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Planning and Reporting Effective Web-Based RAND/UCLA Appropriateness Method Panels: Literature Review and Preliminary Recommendations.
Sparks JB, Klamerus ML, Caverly TJ, Skurla SE, Hofer TP, Kerr EA, Bernstein SJ, Damschroder LJ. Planning and Reporting Effective Web-Based RAND/UCLA Appropriateness Method Panels: Literature Review and Preliminary Recommendations. Journal of medical Internet research. 2022 Aug 26; 24(8):e33898.
The RAND/UCLA Appropriateness Method (RAM), a variant of the Delphi Method, was developed to synthesize existing evidence and elicit the clinical judgement of medical experts on the appropriate treatment of specific clinical presentations. Technological advances now allow researchers to conduct expert panels on the internet, offering a cost-effective and convenient alternative to the traditional RAM. For example, the Department of Veterans Affairs recently used a web-based RAM to validate clinical recommendations for de-intensifying routine primary care services. A substantial literature describes and tests various aspects of the traditional RAM in health research; yet we know comparatively less about how researchers implement web-based expert panels.
The objectives of this study are twofold: (1) to understand how the web-based RAM process is currently used and reported in health research and (2) to provide preliminary reporting guidance for researchers to improve the transparency and reproducibility of reporting practices.
The PubMed database was searched to identify studies published between 2009 and 2019 that used a web-based RAM to measure the appropriateness of medical care. Methodological data from each article were abstracted. The following categories were assessed: composition and characteristics of the web-based expert panels, characteristics of panel procedures, results, and panel satisfaction and engagement.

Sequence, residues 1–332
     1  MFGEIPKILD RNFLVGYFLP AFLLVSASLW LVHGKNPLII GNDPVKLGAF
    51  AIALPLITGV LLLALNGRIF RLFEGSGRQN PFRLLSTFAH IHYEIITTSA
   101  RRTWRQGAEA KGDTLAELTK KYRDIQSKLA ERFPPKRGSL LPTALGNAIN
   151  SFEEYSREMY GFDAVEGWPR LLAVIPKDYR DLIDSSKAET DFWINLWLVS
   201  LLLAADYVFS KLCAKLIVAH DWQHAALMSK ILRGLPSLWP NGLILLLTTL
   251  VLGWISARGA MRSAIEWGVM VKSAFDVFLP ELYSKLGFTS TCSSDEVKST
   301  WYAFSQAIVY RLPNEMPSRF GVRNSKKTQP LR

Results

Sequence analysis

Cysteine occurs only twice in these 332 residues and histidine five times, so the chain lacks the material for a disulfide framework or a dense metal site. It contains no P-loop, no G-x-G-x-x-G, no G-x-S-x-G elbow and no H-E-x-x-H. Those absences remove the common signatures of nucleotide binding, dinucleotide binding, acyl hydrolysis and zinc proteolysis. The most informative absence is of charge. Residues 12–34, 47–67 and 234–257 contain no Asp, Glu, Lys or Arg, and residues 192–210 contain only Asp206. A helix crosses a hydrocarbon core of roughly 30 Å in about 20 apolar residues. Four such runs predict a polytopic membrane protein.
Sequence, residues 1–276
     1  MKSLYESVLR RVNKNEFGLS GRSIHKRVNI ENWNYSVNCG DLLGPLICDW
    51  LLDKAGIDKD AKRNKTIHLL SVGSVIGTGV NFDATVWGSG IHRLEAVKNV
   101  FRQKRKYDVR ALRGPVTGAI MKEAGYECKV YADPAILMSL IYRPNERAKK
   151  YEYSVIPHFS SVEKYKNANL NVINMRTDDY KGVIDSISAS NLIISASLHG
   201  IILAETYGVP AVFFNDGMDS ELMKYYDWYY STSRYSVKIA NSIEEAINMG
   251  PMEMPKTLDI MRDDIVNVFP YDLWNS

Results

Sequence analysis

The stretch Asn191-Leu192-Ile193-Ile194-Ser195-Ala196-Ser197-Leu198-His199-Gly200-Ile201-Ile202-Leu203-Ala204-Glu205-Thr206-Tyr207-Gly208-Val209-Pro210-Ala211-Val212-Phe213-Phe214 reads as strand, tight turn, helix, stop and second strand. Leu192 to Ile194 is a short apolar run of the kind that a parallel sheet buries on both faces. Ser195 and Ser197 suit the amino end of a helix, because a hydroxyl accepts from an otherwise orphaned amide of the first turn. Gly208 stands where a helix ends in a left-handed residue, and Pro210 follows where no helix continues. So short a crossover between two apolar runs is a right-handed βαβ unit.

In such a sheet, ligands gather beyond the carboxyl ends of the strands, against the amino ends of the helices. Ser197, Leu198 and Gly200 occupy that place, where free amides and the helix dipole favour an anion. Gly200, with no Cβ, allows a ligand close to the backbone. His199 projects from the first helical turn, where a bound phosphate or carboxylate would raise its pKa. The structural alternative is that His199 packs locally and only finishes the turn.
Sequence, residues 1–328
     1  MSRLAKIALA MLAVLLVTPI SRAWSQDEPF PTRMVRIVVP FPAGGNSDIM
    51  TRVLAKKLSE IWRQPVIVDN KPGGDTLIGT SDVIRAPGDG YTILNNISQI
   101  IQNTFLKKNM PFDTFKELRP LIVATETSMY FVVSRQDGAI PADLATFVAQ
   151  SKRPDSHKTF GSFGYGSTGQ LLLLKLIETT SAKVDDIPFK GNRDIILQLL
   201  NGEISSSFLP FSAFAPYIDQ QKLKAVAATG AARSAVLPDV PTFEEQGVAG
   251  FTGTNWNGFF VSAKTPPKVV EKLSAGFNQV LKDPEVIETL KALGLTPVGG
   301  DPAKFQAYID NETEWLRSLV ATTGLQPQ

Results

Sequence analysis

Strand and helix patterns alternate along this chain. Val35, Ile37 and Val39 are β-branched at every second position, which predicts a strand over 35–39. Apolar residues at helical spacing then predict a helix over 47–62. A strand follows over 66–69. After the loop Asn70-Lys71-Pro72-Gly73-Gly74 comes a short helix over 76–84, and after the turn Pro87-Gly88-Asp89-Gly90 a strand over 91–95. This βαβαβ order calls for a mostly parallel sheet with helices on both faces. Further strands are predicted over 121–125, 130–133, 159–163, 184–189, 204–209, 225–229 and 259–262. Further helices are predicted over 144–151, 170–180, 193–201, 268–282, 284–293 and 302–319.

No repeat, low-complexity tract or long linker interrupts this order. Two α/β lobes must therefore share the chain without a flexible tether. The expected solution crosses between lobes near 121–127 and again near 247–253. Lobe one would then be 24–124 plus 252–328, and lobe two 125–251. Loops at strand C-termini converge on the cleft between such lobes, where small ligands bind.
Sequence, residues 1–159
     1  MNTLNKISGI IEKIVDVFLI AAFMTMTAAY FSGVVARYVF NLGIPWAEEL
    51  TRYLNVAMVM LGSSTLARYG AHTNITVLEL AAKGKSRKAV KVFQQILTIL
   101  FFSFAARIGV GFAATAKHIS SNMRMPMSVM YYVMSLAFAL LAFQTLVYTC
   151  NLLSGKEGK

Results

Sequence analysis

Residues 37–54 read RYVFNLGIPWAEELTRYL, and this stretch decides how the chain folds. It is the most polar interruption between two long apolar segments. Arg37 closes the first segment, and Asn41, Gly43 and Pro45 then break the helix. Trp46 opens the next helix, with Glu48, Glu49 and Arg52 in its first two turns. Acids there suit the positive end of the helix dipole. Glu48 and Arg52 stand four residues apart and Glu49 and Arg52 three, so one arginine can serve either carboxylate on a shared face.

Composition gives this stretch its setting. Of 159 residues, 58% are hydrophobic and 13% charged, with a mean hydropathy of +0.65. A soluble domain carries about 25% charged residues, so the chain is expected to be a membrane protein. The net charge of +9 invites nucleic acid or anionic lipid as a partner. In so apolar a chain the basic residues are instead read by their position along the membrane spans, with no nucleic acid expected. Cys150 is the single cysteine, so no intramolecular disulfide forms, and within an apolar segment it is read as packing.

Of the 12 studies meeting the eligibility criteria and reviewed, only 42% (5/12) implemented the full RAM process with the remaining studies opting for a partial approach. Among those studies reporting, the median number of participants at first rating was 42. While 92% (11/12) of studies involved clinicians, 50% (6/12) involved multiple stakeholder types. Our review revealed that the studies failed to report on critical aspects of the RAM process. For example, no studies reported response rates with the denominator of previous rounds, 42% (5/12) did not provide panelists with feedback between rating periods, 50% (6/12) either did not have or did not report on the panel discussion period, and 25% (3/12) did not report on quality measures to assess aspects of the panel process (eg, satisfaction with the process).
Conducting web-based RAM panels will continue to be an appealing option for researchers seeking a safe, efficient, and democratic process of expert agreement. Our literature review uncovered inconsistent reporting frameworks and insufficient detail to evaluate study outcomes. We provide preliminary recommendations for reporting that are both timely and important for producing replicable, high-quality findings. The need for reporting standards is especially critical given that more people may prefer to participate in web-based rather than in-person panels due to the ongoing COVID-19 pandemic.